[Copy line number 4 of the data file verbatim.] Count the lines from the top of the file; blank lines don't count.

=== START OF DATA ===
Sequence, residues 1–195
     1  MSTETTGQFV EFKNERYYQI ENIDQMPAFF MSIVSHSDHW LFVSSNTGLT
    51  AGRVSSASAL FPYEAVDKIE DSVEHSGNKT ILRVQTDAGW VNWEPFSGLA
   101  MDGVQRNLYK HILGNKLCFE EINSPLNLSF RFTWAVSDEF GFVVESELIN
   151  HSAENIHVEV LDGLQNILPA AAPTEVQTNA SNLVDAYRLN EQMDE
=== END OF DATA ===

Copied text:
   101  MDGVQRNLYK HILGNKLCFE EINSPLNLSF RFTWAVSDEF GFVVESELIN